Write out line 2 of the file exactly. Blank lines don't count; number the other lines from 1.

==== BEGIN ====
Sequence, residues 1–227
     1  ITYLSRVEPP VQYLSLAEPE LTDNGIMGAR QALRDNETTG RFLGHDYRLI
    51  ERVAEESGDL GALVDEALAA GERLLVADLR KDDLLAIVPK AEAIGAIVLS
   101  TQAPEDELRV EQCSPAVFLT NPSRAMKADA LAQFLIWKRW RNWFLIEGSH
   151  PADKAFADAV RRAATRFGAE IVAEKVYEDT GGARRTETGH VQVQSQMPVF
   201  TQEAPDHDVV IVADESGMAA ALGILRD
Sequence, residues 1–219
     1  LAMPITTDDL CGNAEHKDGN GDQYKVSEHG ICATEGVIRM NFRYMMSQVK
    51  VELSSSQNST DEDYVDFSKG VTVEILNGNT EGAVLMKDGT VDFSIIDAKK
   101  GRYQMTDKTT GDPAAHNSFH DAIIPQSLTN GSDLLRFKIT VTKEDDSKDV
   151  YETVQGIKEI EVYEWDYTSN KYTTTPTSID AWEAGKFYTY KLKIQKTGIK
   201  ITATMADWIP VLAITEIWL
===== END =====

     1  ITYLSRVEPP VQYLSLAEPE LTDNGIMGAR QALRDNETTG RFLGHDYRLI